Q: What are some signs indicating the need for an early orthodontic examination?
A: Early or late loss of baby teeth; difficulty in chewing or biting; mouth breathing; thumb sucking; finger sucking; crowding, misplaced or blocked out teeth; jaws that shift or make sounds; biting the cheek or roof of the mouth; teeth that meet abnormally or not at all and; jaws and teeth that are out of proportion to the rest of the face.
Q: What are the benefits of early treatment?
A: For those patients who have clear indications for early orthodontic intervention, early treatment presents an opportunity to: guide the growth of the jaw; regulate the width of the upper and lower dental arches (the arch-shaped jaw bone that supports the teeth); guide incoming permanent teeth into desirable positions; lower risk of trauma (accidents) to protruded upper incisors (front teeth); correct harmful oral habits such as thumb- or finger-sucking; reduce or eliminate abnormal swallowing or speech problems; improve personal appearance and self-esteem; potentially simplify and/or shorten treatment time for later corrective orthodontics; reduce likelihood of impacted permanent teeth (teeth that should have come in, but have not); preserve or gain space for permanent teeth that are coming in.
Q: Why do baby teeth sometimes need to be pulled?
A: Pulling baby teeth may be necessary to allow severely crowded permanent teeth to come in at a normal time in a normal location. If the teeth are severely crowded, some permanent teeth will either remain impacted (teeth that should have come in, but have not), or come in to an undesirable position. To allow severely crowded teeth to move on their own into much more desirable positions, sequential removal of baby teeth and permanent teeth (usually first premolars) can dramatically improve a severe crowding problem. This sequential extraction of teeth, called serial extraction, is typically followed by comprehensive orthodontic treatment after tooth eruption has improved as much as it can on its own. After all the permanent teeth have come in, the pulling of permanent teeth may be necessary to correct crowding or to make space for necessary tooth movement to correct a bite problem. Proper extraction of teeth during orthodontic treatment should leave the patient with both excellent function and a pleasing look.
Q: Can a child’s growth affect orthodontic treatment?
A: Orthodontic treatment and a child’s growth can complement each other. A common orthodontic problem to treat is protrusion of the upper front teeth ahead of the lower front teeth. Quite often this problem is due to the lower jaw being shorter than the upper jaw. While the upper and lower jaws are still growing, orthodontic appliances can be used to help the growth of the lower jaw catch up to the growth of the upper jaw. Abnormal swallowing may be eliminated. A severe jaw length discrepancy, which can be treated quite well in a growing child, might very well require corrective surgery if left untreated until a period of slow or no jaw growth. Children who may have problems with the width or length of their jaws should be evaluated for treatment no later than age 9 or 11. The American Association of Orthodontics recommends that all children have an orthodontic screening no later than age 7 as growth-related problems may be identified at this time.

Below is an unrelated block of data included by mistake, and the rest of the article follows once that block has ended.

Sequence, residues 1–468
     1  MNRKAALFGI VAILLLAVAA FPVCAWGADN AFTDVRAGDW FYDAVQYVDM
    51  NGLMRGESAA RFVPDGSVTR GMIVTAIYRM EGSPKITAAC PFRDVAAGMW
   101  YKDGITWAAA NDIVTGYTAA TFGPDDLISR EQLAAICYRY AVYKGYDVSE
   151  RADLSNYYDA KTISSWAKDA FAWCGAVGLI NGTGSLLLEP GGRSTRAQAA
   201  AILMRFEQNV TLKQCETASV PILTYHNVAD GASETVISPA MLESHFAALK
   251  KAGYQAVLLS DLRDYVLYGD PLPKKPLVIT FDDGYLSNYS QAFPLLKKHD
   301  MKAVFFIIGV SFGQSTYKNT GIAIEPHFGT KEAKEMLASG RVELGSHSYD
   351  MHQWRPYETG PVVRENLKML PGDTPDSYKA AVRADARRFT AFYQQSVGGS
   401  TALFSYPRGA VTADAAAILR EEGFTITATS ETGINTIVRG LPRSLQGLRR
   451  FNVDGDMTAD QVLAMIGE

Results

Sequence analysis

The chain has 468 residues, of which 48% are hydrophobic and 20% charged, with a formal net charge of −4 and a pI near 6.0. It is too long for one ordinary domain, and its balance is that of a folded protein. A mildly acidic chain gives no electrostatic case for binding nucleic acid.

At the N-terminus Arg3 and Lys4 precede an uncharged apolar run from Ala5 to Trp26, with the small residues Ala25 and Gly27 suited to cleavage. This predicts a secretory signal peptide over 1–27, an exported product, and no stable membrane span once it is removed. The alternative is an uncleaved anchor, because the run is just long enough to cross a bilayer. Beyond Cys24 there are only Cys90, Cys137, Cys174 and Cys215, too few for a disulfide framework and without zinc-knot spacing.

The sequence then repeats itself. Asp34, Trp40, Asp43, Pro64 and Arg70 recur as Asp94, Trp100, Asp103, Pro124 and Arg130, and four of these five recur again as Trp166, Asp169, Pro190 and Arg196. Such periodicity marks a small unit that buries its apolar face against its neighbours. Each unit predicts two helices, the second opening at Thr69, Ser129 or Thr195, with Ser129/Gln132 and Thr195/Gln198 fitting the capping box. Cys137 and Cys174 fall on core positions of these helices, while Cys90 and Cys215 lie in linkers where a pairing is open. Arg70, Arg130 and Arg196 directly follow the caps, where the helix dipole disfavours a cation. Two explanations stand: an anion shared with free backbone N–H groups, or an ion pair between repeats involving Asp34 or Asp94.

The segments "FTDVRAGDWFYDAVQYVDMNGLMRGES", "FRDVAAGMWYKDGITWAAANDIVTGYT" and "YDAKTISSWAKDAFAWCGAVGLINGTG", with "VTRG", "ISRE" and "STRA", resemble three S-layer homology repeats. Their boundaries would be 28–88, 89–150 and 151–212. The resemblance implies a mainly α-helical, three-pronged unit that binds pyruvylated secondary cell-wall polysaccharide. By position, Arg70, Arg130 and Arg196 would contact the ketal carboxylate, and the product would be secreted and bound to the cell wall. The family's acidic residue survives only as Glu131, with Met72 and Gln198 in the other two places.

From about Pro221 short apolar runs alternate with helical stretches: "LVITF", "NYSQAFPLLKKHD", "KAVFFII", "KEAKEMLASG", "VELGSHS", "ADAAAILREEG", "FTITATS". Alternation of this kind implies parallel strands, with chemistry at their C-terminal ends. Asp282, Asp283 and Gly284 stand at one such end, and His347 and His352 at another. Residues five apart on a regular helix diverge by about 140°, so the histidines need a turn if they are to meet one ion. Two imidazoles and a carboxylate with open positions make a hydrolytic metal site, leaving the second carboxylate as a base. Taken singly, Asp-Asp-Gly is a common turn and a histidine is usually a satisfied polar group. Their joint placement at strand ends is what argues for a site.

Q: Will I still be able to play sports?
A: Yes. It is recommended, however, that patients protect their smiles by wearing a mouth guard when participating in any sporting activity. Mouth guards are inexpensive, comfortable, and come in a variety of colors and patterns. These are generally provided by our office.
Q: Will braces interfere with playing musical instruments?
A: Playing wind or brass instruments, such as the trumpet, will clearly require some adaptation to braces. With practice and a period of adjustment, braces typically do not interfere with the playing of musical instruments.
Q: Will my child’s tooth arrangement change later?
A: Studies have shown that as people age, their teeth may shift. This variable pattern of gradual shifting, called maturational change, probably slows down after the early 20′s, but still continues to a degree throughout life for most people. Even children whose teeth developed into ideal alignment and bite without treatment may develop orthodontic problems as adults. The most common maturational change is crowding of the lower incisor (front) teeth. Wearing retainers as instructed after orthodontic treatment will stabilize the correction. Beyond the period of full-time retainer wear, nighttime retainer wear can prevent maturational shifting of the teeth.
Q: Can orthodontic treatment be as effective on me as it is on children?
A: Healthy teeth can be moved at almost any age. Many orthodontic problems can be corrected as easily and as well for adults as children. Orthodontic forces move the teeth in the same way for both an adult and a growing child. Complicating factors, such as lack of jaw growth, may create special treatment planning needs for the adult. In the U.S., one in five orthodontic patients is an adult. The American Association of Orthodontics estimates that nearly 1,000,000 adults in the United States and Canada are receiving treatment from an orthodontist. In our practice, 40-45% of patients in braces are adults.